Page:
50. Follow Your Freedom to the Middle Way

50. Follow Your Freedom to the Middle Way
00:00 / 13:24
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Episode Transcript:

Hey Everyone,

Welcome to episode 50 of the Mindful Weight Loss Podcast. I am your host and your coach, Emily Erekuff and today I am talking about freedom and more about The Middle Way. In the last episode we just kind of started to scratch the surface of the concept of The Middle Way and I think there's a lot more to discuss that can be helpful there. And, ultimately the best way to know that you are following The Middle Way is that you feel a sense of freedom, hence the title of today's podcast: Follow Your Freedom. We're going to talk about that as well.

And so here's the weird and funny thing about everything that I've said on every other episode of the podcast so far. It's not exactly true. But before you get angry, know that it's not false either.

And let me give a clear example to demonstrate. I preach that when it comes to food, you shouldn't follow rules about what to eat. And I stand behind that. Rules are made to be broken and when we tell ourselves that we can only have dessert on days that start with S, our brains get in a fit and essentially say "You're not the boss of me and I'll prove it." and next thing you know you're chowing down on some cake on Tuesday, Wednesday, Thursday and Friday for good measure.

And yet, rules can be extremely helpful. They make decisions really easy. Decisions take a lot of brain power and the more you can preserve that, the better. Rules also help shape your identity to a large extent. The rules you live by represent your values.

And so what do you do with that? You might consider that and conclude that you're damned if you do and damned if you don't. Rules are helpful, but if I set rules, I am setting myself up to break them. WTF?

But you can use rules to your advantage if you change how you think about them and lean towards the Middle Way.

And the first point to consider is that rules aren't rules once we internalize them. This is the identity piece that is really so powerful. If you identify as being a non-smoker, you don't need a concrete rule against smoking cigarette's. It's just not something you do.

And notice the verbiage that we use once we've internalized a rule. It's not "I can't" it's "I don't." When you're a non-smoker you don't say "I can't smoke" as if someone is preventing you from doing so, you choose not to smoke and so you say "I don't smoke."
That might seem like such a subtle difference, but research supports the idea that saying "I don't" is psychologically empowering because the implication is that you are the one who is in charge and making the decision.

The second point to keep in mind is that we need to stop thinking of rules as hard and fast and embrace the idea that they can be flexible. You might even want to stop using the word "rule" and use a softer term like "guideline" or something that helps your brain understand that you can be more relaxed about following said "rules."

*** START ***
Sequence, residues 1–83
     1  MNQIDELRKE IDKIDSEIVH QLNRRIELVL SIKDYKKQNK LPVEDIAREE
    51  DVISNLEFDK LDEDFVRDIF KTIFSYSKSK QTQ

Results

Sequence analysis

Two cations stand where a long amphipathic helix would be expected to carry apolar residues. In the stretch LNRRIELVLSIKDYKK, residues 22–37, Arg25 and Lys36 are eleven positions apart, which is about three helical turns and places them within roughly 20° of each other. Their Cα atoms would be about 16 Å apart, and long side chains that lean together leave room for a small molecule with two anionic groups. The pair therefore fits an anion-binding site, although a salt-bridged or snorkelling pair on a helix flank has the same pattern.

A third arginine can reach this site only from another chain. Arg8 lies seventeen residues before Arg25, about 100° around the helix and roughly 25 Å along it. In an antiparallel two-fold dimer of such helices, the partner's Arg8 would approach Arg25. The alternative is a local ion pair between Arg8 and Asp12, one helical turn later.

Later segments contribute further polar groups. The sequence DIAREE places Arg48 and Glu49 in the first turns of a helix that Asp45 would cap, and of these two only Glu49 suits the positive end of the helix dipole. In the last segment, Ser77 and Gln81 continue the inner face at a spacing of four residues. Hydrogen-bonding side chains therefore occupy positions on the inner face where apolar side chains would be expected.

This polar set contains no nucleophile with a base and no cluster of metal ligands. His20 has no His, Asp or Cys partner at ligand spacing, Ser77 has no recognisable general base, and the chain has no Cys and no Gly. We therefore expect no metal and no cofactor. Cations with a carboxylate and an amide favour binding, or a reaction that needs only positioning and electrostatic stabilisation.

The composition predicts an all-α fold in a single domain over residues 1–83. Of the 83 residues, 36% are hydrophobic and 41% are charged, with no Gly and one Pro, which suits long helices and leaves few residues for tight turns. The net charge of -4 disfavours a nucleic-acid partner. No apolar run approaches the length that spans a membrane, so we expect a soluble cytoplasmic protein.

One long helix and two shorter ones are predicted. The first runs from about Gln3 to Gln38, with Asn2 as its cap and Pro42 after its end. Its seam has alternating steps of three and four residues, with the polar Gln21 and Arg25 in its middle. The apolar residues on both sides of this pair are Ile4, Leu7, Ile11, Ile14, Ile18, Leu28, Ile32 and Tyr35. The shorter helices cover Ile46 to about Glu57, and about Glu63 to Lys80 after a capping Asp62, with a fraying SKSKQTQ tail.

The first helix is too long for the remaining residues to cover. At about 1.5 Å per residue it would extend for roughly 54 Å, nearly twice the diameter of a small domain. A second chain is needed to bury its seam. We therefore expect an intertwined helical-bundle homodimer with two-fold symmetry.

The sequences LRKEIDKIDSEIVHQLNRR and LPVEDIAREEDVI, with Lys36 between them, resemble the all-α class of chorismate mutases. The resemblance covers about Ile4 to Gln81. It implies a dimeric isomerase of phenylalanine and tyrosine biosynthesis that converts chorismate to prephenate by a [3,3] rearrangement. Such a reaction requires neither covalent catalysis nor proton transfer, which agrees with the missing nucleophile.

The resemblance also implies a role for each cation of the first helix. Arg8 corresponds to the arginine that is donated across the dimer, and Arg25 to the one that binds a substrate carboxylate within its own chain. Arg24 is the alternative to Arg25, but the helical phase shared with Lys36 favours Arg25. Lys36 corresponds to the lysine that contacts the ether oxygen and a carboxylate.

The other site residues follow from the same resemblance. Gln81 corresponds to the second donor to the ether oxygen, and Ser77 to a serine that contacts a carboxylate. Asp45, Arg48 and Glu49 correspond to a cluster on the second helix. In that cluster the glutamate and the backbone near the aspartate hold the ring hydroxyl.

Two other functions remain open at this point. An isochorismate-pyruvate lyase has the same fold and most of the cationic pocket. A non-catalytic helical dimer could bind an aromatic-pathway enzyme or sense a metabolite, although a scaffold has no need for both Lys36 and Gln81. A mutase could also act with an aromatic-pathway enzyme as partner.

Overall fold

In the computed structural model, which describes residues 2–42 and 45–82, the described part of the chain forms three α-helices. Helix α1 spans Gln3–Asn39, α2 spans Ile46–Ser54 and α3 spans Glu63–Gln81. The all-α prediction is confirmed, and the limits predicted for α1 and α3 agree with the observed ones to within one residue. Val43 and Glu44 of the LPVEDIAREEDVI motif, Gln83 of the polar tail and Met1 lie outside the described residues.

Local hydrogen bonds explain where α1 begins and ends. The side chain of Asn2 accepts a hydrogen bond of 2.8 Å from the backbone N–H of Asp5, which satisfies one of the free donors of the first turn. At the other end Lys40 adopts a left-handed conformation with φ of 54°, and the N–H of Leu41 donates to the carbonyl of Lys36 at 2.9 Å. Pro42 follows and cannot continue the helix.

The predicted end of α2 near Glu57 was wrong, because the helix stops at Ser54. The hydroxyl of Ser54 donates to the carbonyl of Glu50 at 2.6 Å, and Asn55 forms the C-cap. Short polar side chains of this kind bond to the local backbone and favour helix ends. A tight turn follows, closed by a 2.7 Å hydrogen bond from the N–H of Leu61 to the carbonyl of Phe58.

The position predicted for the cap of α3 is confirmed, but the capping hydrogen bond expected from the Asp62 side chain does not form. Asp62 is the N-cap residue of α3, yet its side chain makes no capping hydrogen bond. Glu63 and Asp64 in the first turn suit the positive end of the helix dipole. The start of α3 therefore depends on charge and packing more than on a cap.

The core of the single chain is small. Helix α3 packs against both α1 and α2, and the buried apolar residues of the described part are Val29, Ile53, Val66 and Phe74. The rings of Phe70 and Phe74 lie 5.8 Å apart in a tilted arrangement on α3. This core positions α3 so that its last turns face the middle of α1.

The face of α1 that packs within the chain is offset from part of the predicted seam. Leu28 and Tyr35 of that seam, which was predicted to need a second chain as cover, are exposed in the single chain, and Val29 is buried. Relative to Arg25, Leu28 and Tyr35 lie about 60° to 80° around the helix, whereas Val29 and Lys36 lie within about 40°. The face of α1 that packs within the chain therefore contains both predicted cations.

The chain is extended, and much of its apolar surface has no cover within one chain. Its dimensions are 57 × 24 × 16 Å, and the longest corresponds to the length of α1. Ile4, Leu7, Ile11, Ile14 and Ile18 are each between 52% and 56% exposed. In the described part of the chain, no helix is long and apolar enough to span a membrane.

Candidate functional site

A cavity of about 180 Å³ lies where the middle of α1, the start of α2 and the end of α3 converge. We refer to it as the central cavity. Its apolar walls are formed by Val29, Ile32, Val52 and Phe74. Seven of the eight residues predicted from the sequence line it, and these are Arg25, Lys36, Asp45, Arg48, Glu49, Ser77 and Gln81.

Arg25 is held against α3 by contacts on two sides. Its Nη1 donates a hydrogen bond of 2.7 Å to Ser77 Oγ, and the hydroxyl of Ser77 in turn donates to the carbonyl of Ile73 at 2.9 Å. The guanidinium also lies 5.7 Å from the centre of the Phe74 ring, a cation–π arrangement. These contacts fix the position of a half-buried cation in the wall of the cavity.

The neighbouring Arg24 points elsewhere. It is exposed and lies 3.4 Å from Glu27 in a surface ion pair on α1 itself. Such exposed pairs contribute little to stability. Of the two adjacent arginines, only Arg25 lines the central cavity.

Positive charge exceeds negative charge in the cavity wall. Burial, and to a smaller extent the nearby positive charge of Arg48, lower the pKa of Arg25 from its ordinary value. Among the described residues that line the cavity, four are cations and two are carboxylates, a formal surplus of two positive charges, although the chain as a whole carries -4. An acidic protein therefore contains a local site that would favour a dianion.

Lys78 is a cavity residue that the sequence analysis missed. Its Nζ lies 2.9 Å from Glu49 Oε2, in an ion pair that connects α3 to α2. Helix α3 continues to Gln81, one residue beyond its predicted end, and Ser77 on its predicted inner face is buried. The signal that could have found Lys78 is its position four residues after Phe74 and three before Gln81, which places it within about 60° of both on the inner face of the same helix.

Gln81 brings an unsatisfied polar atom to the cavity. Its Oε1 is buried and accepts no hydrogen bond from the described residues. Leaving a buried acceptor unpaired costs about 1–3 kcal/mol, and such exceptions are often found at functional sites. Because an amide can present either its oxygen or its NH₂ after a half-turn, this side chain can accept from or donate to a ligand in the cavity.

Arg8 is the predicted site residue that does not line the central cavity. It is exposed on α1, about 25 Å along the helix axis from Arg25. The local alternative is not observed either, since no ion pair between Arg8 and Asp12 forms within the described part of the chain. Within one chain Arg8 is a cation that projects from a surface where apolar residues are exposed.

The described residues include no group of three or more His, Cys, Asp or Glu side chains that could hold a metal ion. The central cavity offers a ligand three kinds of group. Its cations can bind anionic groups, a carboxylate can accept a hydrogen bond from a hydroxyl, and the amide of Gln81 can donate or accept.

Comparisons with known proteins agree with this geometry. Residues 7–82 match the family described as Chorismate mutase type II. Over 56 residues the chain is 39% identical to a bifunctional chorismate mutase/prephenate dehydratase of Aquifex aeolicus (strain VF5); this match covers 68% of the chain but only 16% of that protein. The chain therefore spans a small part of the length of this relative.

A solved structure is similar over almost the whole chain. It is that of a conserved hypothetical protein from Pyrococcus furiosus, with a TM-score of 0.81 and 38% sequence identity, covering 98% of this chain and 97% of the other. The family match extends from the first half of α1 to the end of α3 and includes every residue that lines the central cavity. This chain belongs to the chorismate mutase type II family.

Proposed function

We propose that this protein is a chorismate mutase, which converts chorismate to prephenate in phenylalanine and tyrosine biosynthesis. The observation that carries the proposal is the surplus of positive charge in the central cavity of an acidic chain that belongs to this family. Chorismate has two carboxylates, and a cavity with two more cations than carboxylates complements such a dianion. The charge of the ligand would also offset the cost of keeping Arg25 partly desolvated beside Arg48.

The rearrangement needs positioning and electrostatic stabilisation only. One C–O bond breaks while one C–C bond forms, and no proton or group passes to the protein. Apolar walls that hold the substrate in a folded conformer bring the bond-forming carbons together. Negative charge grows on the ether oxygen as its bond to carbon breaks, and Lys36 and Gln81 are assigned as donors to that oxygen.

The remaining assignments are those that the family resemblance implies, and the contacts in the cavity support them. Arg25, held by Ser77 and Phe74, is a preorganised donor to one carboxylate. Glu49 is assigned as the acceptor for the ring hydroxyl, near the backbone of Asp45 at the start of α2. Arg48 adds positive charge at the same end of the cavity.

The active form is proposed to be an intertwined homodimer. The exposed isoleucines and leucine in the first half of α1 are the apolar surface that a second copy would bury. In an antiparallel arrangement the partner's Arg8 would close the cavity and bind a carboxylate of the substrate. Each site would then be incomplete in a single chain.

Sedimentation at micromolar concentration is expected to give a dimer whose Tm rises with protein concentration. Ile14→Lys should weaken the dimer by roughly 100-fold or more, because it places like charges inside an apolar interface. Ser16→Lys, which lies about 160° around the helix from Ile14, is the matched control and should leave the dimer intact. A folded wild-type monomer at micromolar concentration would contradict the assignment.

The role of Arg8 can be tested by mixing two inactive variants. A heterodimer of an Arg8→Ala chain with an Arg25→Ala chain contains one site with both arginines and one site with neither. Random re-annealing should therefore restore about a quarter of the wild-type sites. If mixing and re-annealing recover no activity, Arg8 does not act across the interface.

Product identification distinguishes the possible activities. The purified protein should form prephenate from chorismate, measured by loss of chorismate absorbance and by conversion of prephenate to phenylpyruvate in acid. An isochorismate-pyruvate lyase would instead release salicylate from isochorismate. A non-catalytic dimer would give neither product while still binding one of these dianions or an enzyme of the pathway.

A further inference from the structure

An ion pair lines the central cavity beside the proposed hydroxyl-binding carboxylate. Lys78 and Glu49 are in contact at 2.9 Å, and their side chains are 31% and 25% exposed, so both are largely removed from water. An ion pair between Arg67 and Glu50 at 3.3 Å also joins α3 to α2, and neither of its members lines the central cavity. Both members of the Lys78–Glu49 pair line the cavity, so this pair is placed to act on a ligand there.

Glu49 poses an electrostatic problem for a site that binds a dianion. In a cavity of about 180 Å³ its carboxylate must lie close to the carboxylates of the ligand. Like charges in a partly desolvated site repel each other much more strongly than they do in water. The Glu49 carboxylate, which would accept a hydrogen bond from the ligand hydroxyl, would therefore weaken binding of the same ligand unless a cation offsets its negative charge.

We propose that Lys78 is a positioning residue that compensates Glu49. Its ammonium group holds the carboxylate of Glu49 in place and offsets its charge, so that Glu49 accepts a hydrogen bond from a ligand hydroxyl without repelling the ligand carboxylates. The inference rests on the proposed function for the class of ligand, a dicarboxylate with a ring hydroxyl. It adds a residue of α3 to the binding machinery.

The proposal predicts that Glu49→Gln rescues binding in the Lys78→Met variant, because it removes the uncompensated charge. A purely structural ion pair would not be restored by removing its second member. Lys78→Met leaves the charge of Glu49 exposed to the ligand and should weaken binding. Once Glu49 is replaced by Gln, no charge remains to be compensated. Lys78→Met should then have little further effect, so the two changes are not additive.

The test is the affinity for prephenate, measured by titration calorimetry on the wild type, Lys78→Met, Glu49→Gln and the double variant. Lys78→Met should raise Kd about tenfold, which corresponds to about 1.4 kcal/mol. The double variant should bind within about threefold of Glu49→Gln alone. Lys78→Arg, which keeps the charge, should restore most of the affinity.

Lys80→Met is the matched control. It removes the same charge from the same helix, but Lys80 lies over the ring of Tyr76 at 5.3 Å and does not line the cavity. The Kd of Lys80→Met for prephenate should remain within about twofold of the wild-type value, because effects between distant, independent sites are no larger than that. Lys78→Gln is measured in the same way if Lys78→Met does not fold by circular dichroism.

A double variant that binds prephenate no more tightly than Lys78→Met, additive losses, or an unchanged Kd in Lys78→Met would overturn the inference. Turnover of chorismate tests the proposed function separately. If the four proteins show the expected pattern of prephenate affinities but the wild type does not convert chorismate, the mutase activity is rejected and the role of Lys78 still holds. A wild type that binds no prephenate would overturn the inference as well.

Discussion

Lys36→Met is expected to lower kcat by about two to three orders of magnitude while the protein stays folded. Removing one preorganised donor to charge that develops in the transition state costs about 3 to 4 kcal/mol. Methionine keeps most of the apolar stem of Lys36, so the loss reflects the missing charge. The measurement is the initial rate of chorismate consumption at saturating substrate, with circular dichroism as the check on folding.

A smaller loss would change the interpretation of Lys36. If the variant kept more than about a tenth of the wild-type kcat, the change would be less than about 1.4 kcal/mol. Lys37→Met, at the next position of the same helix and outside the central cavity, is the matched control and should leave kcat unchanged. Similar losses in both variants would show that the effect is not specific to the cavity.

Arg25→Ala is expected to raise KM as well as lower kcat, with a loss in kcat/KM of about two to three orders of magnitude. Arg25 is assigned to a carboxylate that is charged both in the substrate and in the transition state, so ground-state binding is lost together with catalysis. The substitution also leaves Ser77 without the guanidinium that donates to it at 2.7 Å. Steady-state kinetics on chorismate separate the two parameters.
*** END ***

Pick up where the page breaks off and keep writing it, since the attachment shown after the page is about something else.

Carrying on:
And you might wonder how that works with the identity stuff I just talked about. Aren't our identity behaviors things we always or never do? But the answer here is interestingly "Kind of." You may consider yourself a non-smoker, but you may have smoked cigarette's in your past and you may even occasionally take a puff now and again. And yet those acts don't preclude you from seeing yourself as a non-smoker. Even if we go all the way to morality we see this same thing. You probably consider yourself to be nonviolent and you think that you could never kill another human being? I think most of us feel that way. But what if you or your children were attacked. I think most of us would also agree that we would act in self defense if it came to it. But admitting that doesn't mean that you now have to give up the idea that you could never kill someone.

Even with something as important as our identity, or perhaps better said, especially with something as important as our identity, we are willing to make exceptions. We are able to write off behaviors that don't fit with our sense of self as anomalies or exceptions of circumstance.

And so isn't it kind of funny then that we try to be more stringent with things like diet choices? You swear off sugar and become someone who doesn't eat sugar, but the minute you eat a cookie, instead of writing that off as an exception or an anomaly, you judge yourself as a failure of not eating sugar and give up. But you could just eat the cookie and then keep going just as the nonsmoker can smoke a cigarette at a party and never lose the belief or idea that she's ultimately a non-smoker.

Ultimately is that key word because it allows for those exceptions and you get to make the decision about the range of exceptions that works with the behavior you want to cultivate. For example. I made a guideline for myself recently that I'm going to eat hard-boiled eggs when I am hungry for a snack. And when I first decided this I was really gung ho about and did it for just about every snack until I was just like "Nope, this is gross. I'm not eating another one." And I don't actually think they are gross, I literally had too many and got a little sick of them. But I was aware of that, gave myself a little break, and now I'm stoked to eat some hard-boiled eggs again. I think the key for me is eating them when they are nice and warm after just being cooked vs cold from the fridge, but I digress, because the point is that I didn't give up and say, "Well I didn't feel like eating hard-boiled eggs today. That means I have to give up on being someone who eat hard-boiled eggs for snacks."